When it comes to estate planning, most physicians are familiar with the importance of establishing a legal will. However, many doctors overlook another key aspect of estate planning: choosing an executor for your estate.
An executor is the person legally responsible for fulfilling the deceased’s financial obligations and for overseeing the distribution of assets according to the will. For physicians, estate administration can have an extra level of complexity depending on factors such as private practice ownership, professional liabilities, and outstanding student debt. Thus, all physicians, even medical students, and residents should designate a trustworthy, capable executor for their estate.
In general, an executor is charged with carrying out the deceased’s will, as well as settling any outstanding financial obligations of the estate. Depending on an estate’s level of organization, planning, and complexity, the executor’s specific duties will vary widely. Common tasks include:
If an executor is not named within the will, one will be appointed by a court.
Most physicians choose friends or family members to be their executors, although virtually anyone can fulfill the role. Typically, the executor is not required to have any specific professional expertise. However, there are few rules and restrictions that apply to estate executors:
Specific rules regarding estate executors vary by state, so it is important to familiarize yourself with any applicable state laws.
For financially complex wills, some doctors will appoint a professional such as a lawyer, bank representative, or accountant to act as executor. Professional executors will charge for their services, either by billing for time or taking a share of the estate’s total value. To find a professional estate executor, you can consult the National Association of Estate Planners and Councils and the National Academy of Elder Law Attorneys.
When selecting an executor, it’s important to remember that this decision is not intended to reflect who is your favorite loved one. Your choice of executor should be based on who you think is most capable of fulfilling the necessary tasks and duties. Certain family and friends may not be up to the demands of the role, particularly during a time of grief. When choosing a trusted executor, keep the following criteria in mind:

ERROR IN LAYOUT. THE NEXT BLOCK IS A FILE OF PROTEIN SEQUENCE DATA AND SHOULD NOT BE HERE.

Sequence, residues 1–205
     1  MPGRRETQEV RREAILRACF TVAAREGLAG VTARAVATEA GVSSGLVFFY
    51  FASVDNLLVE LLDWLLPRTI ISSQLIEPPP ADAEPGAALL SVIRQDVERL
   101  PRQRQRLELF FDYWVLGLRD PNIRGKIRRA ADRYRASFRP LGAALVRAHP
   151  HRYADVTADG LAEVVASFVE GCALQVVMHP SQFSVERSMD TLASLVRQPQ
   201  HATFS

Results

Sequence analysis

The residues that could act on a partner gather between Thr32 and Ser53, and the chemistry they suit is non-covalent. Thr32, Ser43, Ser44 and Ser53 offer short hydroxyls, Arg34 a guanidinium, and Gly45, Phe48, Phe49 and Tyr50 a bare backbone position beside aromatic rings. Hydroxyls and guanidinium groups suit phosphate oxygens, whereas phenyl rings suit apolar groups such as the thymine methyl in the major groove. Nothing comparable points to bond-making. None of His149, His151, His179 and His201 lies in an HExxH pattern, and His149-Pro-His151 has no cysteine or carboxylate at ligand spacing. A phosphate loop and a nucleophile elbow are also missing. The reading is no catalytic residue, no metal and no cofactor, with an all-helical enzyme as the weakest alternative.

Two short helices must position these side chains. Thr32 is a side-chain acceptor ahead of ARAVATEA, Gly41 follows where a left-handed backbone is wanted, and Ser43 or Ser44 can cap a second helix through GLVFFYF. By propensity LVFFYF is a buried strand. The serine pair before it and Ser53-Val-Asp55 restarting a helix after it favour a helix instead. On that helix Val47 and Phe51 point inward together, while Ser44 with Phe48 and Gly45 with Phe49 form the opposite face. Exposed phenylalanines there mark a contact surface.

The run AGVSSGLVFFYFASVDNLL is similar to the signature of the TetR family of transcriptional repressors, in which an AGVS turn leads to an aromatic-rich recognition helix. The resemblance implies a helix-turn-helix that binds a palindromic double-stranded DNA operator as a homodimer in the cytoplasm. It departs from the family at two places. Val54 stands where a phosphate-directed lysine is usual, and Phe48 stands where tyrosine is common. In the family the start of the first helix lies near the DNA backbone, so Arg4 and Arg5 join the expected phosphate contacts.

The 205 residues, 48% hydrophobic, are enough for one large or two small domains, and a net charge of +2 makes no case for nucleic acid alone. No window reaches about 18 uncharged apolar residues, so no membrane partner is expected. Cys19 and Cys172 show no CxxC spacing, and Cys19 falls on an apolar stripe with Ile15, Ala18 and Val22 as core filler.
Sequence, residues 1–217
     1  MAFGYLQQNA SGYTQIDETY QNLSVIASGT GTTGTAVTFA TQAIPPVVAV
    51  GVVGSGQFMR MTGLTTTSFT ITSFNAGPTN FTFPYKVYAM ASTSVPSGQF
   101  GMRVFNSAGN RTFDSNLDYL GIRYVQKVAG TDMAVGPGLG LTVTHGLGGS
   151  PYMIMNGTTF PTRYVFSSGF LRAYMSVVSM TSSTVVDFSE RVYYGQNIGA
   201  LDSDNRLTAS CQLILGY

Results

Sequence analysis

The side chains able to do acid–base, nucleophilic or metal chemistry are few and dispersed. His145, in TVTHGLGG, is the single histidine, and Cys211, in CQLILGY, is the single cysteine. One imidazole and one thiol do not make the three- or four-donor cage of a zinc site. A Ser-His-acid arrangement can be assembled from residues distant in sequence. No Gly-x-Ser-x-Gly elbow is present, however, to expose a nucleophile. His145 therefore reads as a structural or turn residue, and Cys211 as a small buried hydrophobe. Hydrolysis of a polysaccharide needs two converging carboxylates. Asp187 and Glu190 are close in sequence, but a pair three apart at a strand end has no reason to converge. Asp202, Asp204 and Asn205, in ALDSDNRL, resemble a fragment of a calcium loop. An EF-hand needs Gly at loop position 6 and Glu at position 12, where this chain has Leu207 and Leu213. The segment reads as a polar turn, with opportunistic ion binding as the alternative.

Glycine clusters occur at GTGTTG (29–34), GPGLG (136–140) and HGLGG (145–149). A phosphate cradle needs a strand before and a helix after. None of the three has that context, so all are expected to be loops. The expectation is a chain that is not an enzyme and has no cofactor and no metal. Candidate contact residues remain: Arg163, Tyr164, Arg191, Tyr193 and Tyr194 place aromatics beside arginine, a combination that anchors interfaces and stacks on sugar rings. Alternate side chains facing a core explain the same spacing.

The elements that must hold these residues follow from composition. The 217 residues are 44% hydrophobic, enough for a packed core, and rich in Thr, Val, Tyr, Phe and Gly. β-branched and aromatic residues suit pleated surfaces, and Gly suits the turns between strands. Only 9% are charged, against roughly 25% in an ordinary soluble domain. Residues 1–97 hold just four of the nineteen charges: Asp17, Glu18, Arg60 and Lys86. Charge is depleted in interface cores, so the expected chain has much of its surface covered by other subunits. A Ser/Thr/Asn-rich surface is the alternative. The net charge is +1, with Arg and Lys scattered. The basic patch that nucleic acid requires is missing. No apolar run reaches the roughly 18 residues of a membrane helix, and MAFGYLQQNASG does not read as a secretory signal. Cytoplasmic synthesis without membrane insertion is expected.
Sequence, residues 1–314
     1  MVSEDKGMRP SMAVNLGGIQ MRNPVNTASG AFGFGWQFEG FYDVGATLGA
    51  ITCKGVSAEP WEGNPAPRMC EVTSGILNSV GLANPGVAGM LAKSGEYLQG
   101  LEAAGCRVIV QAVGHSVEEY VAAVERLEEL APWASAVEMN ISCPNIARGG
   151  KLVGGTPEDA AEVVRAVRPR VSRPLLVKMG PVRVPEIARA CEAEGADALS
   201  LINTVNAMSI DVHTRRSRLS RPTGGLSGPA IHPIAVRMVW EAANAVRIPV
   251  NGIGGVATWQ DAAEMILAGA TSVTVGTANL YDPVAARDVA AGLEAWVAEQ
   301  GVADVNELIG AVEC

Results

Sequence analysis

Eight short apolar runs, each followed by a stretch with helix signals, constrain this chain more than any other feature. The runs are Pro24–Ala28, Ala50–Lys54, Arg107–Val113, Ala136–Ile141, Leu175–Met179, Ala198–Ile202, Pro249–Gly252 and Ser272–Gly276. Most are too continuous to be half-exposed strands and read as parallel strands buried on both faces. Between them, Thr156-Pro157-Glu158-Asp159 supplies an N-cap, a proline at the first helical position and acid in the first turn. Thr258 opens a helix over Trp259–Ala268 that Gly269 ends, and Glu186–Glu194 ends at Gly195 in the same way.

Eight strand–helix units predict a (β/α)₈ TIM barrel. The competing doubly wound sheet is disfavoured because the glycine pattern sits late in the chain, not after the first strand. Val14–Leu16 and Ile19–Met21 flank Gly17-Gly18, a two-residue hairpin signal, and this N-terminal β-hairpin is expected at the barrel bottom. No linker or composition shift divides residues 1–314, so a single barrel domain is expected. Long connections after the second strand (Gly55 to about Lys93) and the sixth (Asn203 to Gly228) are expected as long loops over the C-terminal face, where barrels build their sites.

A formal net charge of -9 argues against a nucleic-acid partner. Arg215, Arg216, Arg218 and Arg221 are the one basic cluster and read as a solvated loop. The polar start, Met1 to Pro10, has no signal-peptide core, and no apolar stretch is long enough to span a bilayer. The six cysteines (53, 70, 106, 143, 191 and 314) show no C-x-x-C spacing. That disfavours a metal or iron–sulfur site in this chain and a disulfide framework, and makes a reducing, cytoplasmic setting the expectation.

To make your executor’s role as simple as possible, you will want to clearly communicate with them throughout your estate planning process. Consider taking the following steps to prepare your executor:
Finding out that you have been named as an executor in the wake of a loved one’s death can come as an unwelcome surprise in a difficult time. Before naming someone as an executor, is it important to ask for their approval and ensure they will accept the role.
Once your executor has accepted, you should sit down with them to detail the financial particulars of your estate. Make sure they know how to locate and access any important financial documents.
In the event of complications or disputes in estate settlement, your executor may need to hire a lawyer or accountant. If you anticipate such complexities, you should designate money from the estate to cover the cost of professional assistance.
Make sure you clearly identify your executor in your will, including their full name, address and contact information. You should also consider naming an alternate executor in case your first choice is unable to fulfill the role.
Regardless of age, every physician should take estate planning seriously. It’s important to establish a will, durable power of attorney, and an executor in the event of your death to ensure that your wishes are properly carried out. Choosing the right executor allows the estate settlement process to proceed with ease, efficiency and peace of mind for everyone involved.
To learn more about estate planning for physicians, schedule an appointment with an advisor today.